Paget, Sir Arthur Henry Fitzroy (1851–1928), soldier, commander in Ireland at the time of the 1914 Curragh crisis, was born 1 March 1851 in Berkeley Square, London, eldest son among six sons and eight daughters of Gen. Lord Alfred Henry Paget (1816–88), CB, equerry and clerk marshal of the royal household, and Cecilia Paget (née Wyndham), a wealthy Norfolk heiress. The family had long associations with the army and court: Paget's grandfather Henry William Paget (qv), 2nd earl of Uxbridge and 1st marquis of Anglesey, was commander of the allied cavalry at Waterloo (where he lost a leg) and lord lieutenant of Ireland (1828–9, 1830–33). As a boy Paget was a page of honour to Queen Victoria. Educated at Wellington college, he entered the Scots Guards (1869), serving in the Ashanti war on the Gold Coast of west Africa (1873–4), in the Suakin campaign in the Sudan (1885), in Burma (1887–8), and again in Sudan (1888–9). Brevet-colonel in command of the 1st Battalion, Scots Guards (1895–1900), in the South African war he saw action in the advances along the Cape Colony frontier and to Bloemfontein. Promoted to major-general (April 1900), he commanded 20th Infantry Brigade on the march to Pretoria, and played a principal role in the last orthodox pitched battle of the war, the assault on Rhenoster Kop (29 November). After quarrelling with his superior, he resigned his command and returned in a huff to Britain (June 1901), where he received command of the 1st Division, Aldershot (1902–6). Promoted to lieutenant-general and knighted (1906), he served as general officer commanding-in-chief of the Eastern Command (1908–11) and the Irish Command (1911–14). Possessed of considerable wealth, Paget won renown less as a soldier than as a bon vivant; his close friendship from boyhood with the prince of Wales (later King Edward VII) – the two were regular social companions – was an incalculable asset throughout his career. Pompous and verbose in speech, headstrong when aroused, though gallant in the field, Paget was neither cool nor clear-headed; intellectually shallow, he boasted to have ‘lived history rather than read it’ (Times obit.).
In March 1914 Paget – fresh from meetings in London with the army council and a special cabinet committee on Ulster – precipitated the so-called Curragh ‘mutiny’ by grossly and melodramatically misrepresenting orders regarding precautionary troop movements intended to safeguard against possible seizures of arms depots by the Ulster Volunteers. At a conference with seven of his senior officers (20 March), he tactlessly concentrated not on the immediate modest deployments, but on the possible implications of the contingency plans discussed in London for larger operations in the event of conflict with the Ulster Volunteers. In a temper, he announced that active and extensive operations in Ulster were about to commence, predicting that within a day the country ‘would be in a blaze’. Instructed when in London that the few officers of his command domiciled in Ulster might be exempted from participation in the operation, but that other officers declining to participate were to be dismissed from the army, he directed that each officer must decide whether to serve in the operation or to tender his resignation forthwith and face dismissal. Paget would later assert that his intention had been to ascertain the officers upon whom he could rely, and later again (and contradictorily) that he never had intended that the decision be put to junior officers; but the majority of his senior officers understood the directive as an ultimatum to be placed before all officers in their commands. By the evening, Brig.-gen. Hubert Gough (qv) and sixty other officers of 3rd Cavalry Brigade, stationed at the Curragh and Marlborough barracks, Dublin, had determined to resign their commissions. Requested by the Curragh officers for clarification of the orders, Paget, determined to ‘put some heart in them’, further exacerbated the situation with another long-winded, rambling, contradictory discourse (21 March). When Gough and other key dissident officers, summoned to London, testified their willingness to have obeyed any direct order to move to Ulster, the onus of blame for the crisis centred on Paget's having placed before them an alternative. Advised by several high-ranking military supporters in concert with leading unionist politicians, Gough then secured an extraordinary written guarantee that his command would receive no orders to enforce the home rule bill on Ulster (23 March). When it transpired that the full terms of the guarantee exceeded those agreed by the cabinet, the prime minister, Herbert Asquith, repudiated the additional terms, resulting in the resignations of those responsible for issuing them, including the war minister, J. E. B. Seely, and the military chief of staff, Sir John French (qv). Paget also offered his resignation (which was not accepted), largely for having incorrectly assured his men that the orders had been sanctioned by the king – which assurance had proved critical in persuading the majority of infantry and artillery officers to remain in their posts.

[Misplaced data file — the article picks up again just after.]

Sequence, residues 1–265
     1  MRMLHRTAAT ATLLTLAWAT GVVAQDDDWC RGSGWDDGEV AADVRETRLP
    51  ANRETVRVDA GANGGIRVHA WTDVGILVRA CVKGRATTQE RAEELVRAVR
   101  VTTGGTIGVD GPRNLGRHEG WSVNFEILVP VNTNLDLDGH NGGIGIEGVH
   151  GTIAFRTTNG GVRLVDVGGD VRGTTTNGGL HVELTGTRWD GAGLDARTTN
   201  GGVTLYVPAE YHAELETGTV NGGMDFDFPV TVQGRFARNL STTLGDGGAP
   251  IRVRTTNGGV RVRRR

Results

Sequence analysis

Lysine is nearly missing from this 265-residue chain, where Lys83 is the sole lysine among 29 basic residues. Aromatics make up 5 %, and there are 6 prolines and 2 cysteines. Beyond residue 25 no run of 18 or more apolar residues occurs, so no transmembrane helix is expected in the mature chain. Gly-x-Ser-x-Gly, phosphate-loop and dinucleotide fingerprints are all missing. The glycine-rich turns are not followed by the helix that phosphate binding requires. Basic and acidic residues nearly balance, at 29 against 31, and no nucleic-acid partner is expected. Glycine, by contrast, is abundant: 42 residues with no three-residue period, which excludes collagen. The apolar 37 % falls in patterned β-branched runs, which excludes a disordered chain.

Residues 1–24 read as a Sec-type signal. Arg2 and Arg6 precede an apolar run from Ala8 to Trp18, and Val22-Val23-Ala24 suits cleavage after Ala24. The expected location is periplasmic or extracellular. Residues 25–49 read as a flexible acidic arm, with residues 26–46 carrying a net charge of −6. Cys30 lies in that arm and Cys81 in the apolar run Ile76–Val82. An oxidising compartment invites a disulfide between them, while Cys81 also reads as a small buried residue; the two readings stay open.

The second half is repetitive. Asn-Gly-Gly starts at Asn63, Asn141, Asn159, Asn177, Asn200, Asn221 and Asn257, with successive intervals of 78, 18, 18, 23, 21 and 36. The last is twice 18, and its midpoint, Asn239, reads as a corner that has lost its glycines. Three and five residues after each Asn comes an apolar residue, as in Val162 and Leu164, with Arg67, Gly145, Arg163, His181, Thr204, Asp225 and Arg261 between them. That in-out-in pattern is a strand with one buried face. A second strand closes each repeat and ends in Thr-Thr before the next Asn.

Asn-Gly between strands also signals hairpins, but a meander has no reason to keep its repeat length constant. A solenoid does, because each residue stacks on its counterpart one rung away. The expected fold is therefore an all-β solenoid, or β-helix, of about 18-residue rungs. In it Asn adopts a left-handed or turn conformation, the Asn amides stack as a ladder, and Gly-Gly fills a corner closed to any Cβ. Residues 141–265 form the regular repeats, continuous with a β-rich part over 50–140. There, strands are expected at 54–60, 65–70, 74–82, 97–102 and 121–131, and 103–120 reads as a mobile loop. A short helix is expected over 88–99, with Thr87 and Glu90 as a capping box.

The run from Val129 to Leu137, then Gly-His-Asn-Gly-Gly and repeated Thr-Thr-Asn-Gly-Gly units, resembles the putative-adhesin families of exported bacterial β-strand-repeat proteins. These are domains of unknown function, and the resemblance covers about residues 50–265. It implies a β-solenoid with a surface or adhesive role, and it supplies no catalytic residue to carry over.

Paget's inept handling of the Curragh affair precluded his obtaining a field command during the first world war. Relieved of the Irish command and recalled to Britain, he commanded the 1st Army of the Central Force constituted out of the mobilised Territorial Army for home defence. In 1915 he was appointed commander in the Salisbury training centre, preparing troops for deployment overseas. After retiring in 1918, he spent most of his time in Cannes, prominent in yachting circles on the Riviera. His other recreations included racing, hunting, fishing, and golf; an avid gardener, he had a wide amateur knowledge of botany. He had residences at 35 Belgrave Sq., London, and Warren House, Coombe, Kingston Hall, Surrey. He was created a CVO (1901), CB (1904), KCVO (1906), KCB (1907), PC (Ireland) (1912), GCB (1913), and King at Arms, OBE (1918); an ADC General to King George V (1910–14), he was a grand officer of the Légion d'honneur, and held several other foreign orders. He married (1878) Mary Stevens (d. 1919) of New York, USA; strong-minded and vivacious, she became a prominent London hostess. They had three sons (the eldest of whom, a colonel of hussars, died in France in 1917 from the effects of gas poisoning) and one daughter. Paget died in Cannes on 9 December 1928, leaving an unsettled estate of £22,708.